3 Answers | Add Yours
Economics play an important role in how the plot develops. The Bennets are not poor, but they are not comfortably wealthy. The Bennet girls do not have pretty, fancy dresses to wear like the Binghley sisters. Their home, Longborn is nothing special, it is a comfortable home with a few servants, but they do not live a life of total leisure.
Economics play a part in why the match between Darcy and Elizabeth is so unlikely. She is beneath him socially and economically, so technically, she is not eligible to be his wife. Even though Elizabeth is a gentleman's daughter, and can expect to marry well, some rich families, like Darcy, look down on less well off people as looking to expand their financial position by marrying money and are scorned.
Mr. Collins lives a humble life as a minister, but is constantly at Rosings, the palatial home of Lady Catherine Debourgh. He talks about Rosings as if it should be worshipped like a religion. Wealth is an insulator, rich people in the book can say anything they want and they must be respected. When Elizabeth speaks her mind, she is considered an insulent girl.
Wealth is admired and creates awe in others. Mrs. Bennet talks about the incomes of others constantly, as if that is the true measure of their individual worth as people.
In 19th Century England, it was not only important that a family have a good reputation. Money was then, as it is now, of vital importance. For example, the Bennet family is a respectable family. Elizabeth declares to Lady Catherine that she [Elizabeth] is "a gentlemen's daughter". This is very important in making her eligible for a good marriage. The daughter of a gardener could not expect to marry anyone from a gentlemen's family, but a gentlemen's daughter has a good chance to marry financially well.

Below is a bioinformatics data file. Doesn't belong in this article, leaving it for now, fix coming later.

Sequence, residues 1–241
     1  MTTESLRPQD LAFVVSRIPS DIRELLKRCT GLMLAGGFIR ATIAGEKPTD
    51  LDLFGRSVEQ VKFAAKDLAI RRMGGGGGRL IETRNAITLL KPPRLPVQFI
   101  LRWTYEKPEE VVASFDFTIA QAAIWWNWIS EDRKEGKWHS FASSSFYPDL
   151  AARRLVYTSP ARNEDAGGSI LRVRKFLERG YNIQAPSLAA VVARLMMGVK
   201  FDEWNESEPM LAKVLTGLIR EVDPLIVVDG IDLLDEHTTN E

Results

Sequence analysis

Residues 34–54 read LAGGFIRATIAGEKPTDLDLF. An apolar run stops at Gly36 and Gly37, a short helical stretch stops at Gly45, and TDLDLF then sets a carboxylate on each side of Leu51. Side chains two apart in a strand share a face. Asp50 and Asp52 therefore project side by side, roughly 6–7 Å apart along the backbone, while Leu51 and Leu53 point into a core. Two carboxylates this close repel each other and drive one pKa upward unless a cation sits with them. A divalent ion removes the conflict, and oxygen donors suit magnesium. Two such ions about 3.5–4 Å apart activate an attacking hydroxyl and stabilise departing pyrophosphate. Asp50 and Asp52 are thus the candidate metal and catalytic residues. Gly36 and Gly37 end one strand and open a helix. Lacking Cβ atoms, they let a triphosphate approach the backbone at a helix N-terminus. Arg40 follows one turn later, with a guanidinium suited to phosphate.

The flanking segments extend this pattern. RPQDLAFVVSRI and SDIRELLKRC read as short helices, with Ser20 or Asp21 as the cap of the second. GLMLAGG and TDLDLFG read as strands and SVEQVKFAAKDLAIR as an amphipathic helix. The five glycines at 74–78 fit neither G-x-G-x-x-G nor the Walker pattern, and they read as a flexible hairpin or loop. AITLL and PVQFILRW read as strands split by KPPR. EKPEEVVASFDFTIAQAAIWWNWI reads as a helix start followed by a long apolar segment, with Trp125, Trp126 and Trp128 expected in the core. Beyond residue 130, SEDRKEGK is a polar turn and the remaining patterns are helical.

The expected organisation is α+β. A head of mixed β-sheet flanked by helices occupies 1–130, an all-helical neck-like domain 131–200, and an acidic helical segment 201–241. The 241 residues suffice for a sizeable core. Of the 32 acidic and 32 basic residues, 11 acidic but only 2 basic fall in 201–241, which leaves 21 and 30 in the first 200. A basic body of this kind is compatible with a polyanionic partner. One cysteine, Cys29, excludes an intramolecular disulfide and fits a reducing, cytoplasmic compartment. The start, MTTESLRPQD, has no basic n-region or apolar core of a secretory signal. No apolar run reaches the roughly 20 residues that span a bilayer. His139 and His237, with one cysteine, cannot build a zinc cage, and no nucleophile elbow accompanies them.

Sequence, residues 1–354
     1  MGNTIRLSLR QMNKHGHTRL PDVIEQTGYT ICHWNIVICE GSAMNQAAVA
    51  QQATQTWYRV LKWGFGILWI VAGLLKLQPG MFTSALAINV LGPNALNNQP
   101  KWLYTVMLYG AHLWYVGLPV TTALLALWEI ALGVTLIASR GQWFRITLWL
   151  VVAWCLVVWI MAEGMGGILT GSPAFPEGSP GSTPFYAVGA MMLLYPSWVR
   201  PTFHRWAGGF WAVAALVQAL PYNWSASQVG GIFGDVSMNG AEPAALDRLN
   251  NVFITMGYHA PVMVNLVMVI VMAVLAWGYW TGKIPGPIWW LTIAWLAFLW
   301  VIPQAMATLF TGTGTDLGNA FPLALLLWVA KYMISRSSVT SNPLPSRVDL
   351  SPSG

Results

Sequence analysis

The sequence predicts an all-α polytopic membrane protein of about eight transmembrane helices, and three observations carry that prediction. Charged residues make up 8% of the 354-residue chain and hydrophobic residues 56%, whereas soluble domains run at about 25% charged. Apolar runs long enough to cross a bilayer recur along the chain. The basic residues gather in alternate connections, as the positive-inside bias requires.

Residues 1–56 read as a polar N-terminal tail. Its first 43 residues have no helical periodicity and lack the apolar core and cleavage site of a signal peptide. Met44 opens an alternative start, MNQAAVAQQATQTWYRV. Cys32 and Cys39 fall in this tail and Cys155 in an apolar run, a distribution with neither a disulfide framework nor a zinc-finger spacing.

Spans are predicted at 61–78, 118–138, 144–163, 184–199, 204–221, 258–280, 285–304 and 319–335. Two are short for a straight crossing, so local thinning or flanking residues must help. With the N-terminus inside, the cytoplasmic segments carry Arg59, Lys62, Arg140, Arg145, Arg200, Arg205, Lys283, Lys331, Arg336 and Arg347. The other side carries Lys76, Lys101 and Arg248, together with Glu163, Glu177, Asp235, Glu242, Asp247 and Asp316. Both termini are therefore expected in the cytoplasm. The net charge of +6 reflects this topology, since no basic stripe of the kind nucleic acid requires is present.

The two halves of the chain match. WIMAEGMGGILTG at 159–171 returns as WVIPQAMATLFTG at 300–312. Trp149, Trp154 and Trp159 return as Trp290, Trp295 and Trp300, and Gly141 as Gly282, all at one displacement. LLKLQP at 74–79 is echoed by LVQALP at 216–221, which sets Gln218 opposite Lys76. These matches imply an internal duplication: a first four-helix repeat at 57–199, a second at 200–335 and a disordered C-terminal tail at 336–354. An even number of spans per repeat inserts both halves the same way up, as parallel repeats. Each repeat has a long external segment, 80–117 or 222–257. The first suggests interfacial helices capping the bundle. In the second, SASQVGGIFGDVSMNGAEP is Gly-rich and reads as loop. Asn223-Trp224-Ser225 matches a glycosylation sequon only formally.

However, Mr. Bennet did not put aside dowries for his daughter's. He had a good estate, and should not need to. But because the estate would not be kept in the family, there was fortune for the girls:
"When first Mr. Bennet had married, economy was held to be perfectly useless, for, of course, they were to have a son. The son was to join in cutting off the entail, as soon as he should be of age, and the widow and younger children would by that means be provided for."
The early relationship between Wickham and Elizabeth shows the result of this lack of economical management. Her Aunt Gardiner warns Elizabeth against the match:
"I have nothing to say against him; he is a most interesting young man; and if he had the fortune he ought to have, I should think you could not do better."
Clearly, all the characters, even of equal social class, must be concerned with fortune and economy.
Jane Austen belongs to the Romantic Age in English literature.
"Pride and Prejudice"(1813) like all of Jane Austen's novels reflects faithfully the socio-economic conditions of what historians term as 'Regency England'(1811-20).
Since women of this period had no right to ownership of property they were financially dependent on their husbands,and hence the urgency and anxiety throughout the novel for the ladies to get married to "young men of large fortune" (ch. 1).
Mr.Bennet's estate is 'entailed' to Mr. Collins because Mr.Bennet does not have a son. In 'Regency England' only male heirs could inherit the title and the estate of their fathers. The third paragraph of chapter 50 clearly reveals the 'economic' necessity of having a son and the disappointment at not being able to have one and the consequent predicament which Mr.Bennet faces in not being able to personally meet the financial demands of Wickham.
In Ch.33 Col.Fitzwilliam tells Elizabeth "I may suffer from the want of money. Younger sons cannot marry where they like." clearly hinting at her impoverished status.
The central theme of the novel--how much money is necessary for a successful and a happy marriage--is explicitly stated by Elizabeth in in Ch.27 : "Pray, my dear aunt, what is the difference in matrimonial affairs, between the mercenary and the prudent motive? WHERE DOES DISCRETION END, AND AVARICE BEGIN?"
Was Col. Fitzwilliam Darcy 'discreet' or 'avaricious'?
We’ve answered 333,869 questions. We can answer yours, too.Ask a question